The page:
The European Commission on Tuesday released its Spring 2016 Forecast, mildly reducing Croatia's economic growth outlook to 1.8%, the main reason for this being the poor results in Q4 2015.
"Growth is to resume at a slow pace following the disappointing fourth quarter of 2015. Croatia’s real GDP expanded by 1.6% in 2015, the first year of positive growth since 2008. The negative reading of real GDP growth in 2015-Q4, at -0.5% (q-o-q), weakened the momentum for growth into 2016," the European Commission said in its forecast.
In its winter forecast, the European Commission projected Croatia's growth in 2016 at 2.1% and in 2015 at 1.8%, which in the end was lower - 1.6%. The Commission projects a 2.1% growth for 2017, the same as in its forecast released in February.
According to its spring forecast, the European Commission expects euro area GDP of 1.6% in 2016 and 1.8% in 2017 after 1.7% in 2015. GDP growth in the EU is expected to moderate from 2.0% last year to 1.8% in 2016 before reaching 1.9% in 2017.
Looking ahead, GDP growth in Croatia is set to reach 1.8% in 2016 and slightly accelerate in 2017, driven by domestic demand. Tailwinds stemming from low energy prices and a recovering labour market underpin a robust growth in household disposable income.
"However, with a depressed real estate market and falling prices, deleveraging pressures are not expected to ease substantially in the short term, leading to an overall modest increase in consumption," the Commission said.
Investment is set to gather pace, driven by a rebound in public investment. Private investment is set to grow only mildly, under the impact of deleveraging, the Commission said.
The outlook for the external environment deteriorated markedly in the first months of 2016. "As a result, growth of exports of goods is expected to decelerate, with market share gains for Croatian exporters to the EU set to progressively stabilise. After a record year for the tourism sector in 2015, service exports are set to register a more modest increase in 2016 and 2017. Imports of goods and services are projected to slightly outpace exports in both years, implying a neutral contribution to growth. Stronger import growth is set to be partially offset by improving terms of trade in 2016," the Commission said.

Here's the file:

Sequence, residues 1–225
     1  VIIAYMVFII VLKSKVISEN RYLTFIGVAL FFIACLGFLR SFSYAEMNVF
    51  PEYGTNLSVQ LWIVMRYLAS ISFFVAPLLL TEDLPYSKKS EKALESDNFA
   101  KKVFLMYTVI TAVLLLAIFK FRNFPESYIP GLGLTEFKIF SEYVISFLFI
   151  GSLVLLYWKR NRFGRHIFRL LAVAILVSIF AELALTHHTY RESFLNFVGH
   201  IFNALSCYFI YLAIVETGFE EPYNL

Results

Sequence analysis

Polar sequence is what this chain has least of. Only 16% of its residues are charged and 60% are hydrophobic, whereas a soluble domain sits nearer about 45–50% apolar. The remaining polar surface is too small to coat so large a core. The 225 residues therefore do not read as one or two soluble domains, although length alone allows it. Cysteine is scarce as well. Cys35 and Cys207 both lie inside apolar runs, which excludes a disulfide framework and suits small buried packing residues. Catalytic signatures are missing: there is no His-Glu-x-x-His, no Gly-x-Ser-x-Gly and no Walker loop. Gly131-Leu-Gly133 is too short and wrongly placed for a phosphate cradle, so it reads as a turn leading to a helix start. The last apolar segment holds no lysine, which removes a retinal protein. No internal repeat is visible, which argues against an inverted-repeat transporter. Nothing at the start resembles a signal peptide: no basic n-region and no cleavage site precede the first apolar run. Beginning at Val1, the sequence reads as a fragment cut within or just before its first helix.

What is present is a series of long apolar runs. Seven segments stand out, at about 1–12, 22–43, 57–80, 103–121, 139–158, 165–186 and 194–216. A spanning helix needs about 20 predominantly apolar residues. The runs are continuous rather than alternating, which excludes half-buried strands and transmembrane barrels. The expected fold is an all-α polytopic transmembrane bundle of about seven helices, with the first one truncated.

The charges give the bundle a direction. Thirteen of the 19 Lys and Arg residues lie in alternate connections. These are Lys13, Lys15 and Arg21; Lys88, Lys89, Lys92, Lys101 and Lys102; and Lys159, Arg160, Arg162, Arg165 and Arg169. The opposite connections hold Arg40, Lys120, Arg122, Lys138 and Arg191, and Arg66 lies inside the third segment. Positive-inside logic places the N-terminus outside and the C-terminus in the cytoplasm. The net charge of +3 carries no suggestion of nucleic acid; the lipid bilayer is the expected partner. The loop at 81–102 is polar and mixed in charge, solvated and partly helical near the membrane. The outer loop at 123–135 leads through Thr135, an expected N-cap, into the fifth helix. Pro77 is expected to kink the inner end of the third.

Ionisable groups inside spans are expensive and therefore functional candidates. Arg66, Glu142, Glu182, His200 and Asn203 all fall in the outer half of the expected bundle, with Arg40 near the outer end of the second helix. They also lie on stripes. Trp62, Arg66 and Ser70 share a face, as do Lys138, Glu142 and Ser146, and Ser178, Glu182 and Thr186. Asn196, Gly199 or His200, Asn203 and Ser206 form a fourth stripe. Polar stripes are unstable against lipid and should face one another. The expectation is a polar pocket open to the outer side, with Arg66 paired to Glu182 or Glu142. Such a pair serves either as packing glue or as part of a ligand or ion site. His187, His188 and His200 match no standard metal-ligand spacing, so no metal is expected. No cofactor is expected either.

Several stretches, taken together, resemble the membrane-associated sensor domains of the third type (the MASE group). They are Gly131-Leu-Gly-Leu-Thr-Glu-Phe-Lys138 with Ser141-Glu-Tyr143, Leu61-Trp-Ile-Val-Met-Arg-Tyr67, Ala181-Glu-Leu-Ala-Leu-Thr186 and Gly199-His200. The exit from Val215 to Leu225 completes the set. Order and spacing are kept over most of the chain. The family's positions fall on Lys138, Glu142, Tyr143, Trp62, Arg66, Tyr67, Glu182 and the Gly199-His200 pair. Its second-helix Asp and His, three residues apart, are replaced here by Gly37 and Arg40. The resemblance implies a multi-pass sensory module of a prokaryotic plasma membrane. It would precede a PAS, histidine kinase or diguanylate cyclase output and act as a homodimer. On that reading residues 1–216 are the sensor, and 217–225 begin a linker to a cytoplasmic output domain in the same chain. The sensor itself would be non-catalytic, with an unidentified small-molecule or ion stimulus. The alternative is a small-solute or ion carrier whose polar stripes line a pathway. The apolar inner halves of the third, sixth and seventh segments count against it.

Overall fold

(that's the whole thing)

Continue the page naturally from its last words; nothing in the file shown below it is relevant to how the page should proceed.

Modest employment growth is set to bring a reduction in the unemployment rate of about 0.8 pps. in both 2016 and 2017. The Commission expects nominal compensation of employees to resume growing above productivity, leading to a small increase in unit labour costs.
After Spain and Greece where the unemployment rate exceeds 20%, Croatia remains in the group of countries with the highest unemployment rates in the EU. The lowest unemployment rate in 2016 is recorded in the Czech Republic -- 4.5%.
The general government deficit dropped in 2015 and is set to continue improving mildly.
"The general government deficit decreased to 3.2% of GDP in 2015, down from 5.5% of GDP in 2014. The main driver of the sizeable improvement was a 22% drop in public investment. This, together with a further reduction in public subsidies and the wage bill, resulted in a slight decrease in general government expenditure in nominal terms. Revenue grew by a solid 4.4%, mainly on account of strong growth in indirect taxes. On the back of these developments, the primary balance turned to a surplus of 0.4% of GDP in 2015," the Commission said.
In 2016, the general government deficit is projected to improve further to 2.7% of GDP. Revenues are set to be positively affected by the reduction of a corporate tax allowance for reinvested earnings, the residual impact of the hikes in excise taxes in 2015 and the announced increase in the supplementary health insurance premium. These measures are expected to partly offset the 0.3% of GDP fallout of the corporate income tax due to the impact of the conversion of CHF loans on profits in the banking sector.
Supported by the strengthening primary surplus, public debt is expected to peak at 87.6% of GDP in 2016 and to decline slightly in 2017 to 87.3%.
In this year's budget, the Croatian government projected the general government deficit at HRK 9.2 billion or 2.7% of GDP. The government announced the stabilisation of the public debt and expects it to amount to 86.8% of GDP at the end of 2016, and by 2018 that it will further decline to 84.7% of GDP.
Greece is the only EU member for which the European Commission projected a 0.3% GDP decline in 2016. Next year, all EU member states should record an economic growth. The biggest growth this year is expected to Ireland (4.9%), followed by Romania (4.2%), Malta (4.1%) and Sweden (3.4%).